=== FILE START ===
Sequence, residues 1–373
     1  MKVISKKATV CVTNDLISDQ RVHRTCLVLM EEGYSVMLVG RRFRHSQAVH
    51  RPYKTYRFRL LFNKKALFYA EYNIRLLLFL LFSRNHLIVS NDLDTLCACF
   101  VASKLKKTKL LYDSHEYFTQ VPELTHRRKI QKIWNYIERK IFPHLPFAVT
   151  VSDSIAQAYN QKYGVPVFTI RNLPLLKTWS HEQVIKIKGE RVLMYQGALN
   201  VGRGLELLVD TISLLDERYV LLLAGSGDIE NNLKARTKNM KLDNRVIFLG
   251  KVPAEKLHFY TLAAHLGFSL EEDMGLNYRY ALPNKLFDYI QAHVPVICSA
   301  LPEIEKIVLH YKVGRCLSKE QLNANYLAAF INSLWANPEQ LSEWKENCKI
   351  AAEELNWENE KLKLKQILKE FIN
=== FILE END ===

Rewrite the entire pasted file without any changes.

Sequence, residues 1–373
     1  MKVISKKATV CVTNDLISDQ RVHRTCLVLM EEGYSVMLVG RRFRHSQAVH
    51  RPYKTYRFRL LFNKKALFYA EYNIRLLLFL LFSRNHLIVS NDLDTLCACF
   101  VASKLKKTKL LYDSHEYFTQ VPELTHRRKI QKIWNYIERK IFPHLPFAVT
   151  VSDSIAQAYN QKYGVPVFTI RNLPLLKTWS HEQVIKIKGE RVLMYQGALN
   201  VGRGLELLVD TISLLDERYV LLLAGSGDIE NNLKARTKNM KLDNRVIFLG
   251  KVPAEKLHFY TLAAHLGFSL EEDMGLNYRY ALPNKLFDYI QAHVPVICSA
   301  LPEIEKIVLH YKVGRCLSKE QLNANYLAAF INSLWANPEQ LSEWKENCKI
   351  AAEELNWENE KLKLKQILKE FIN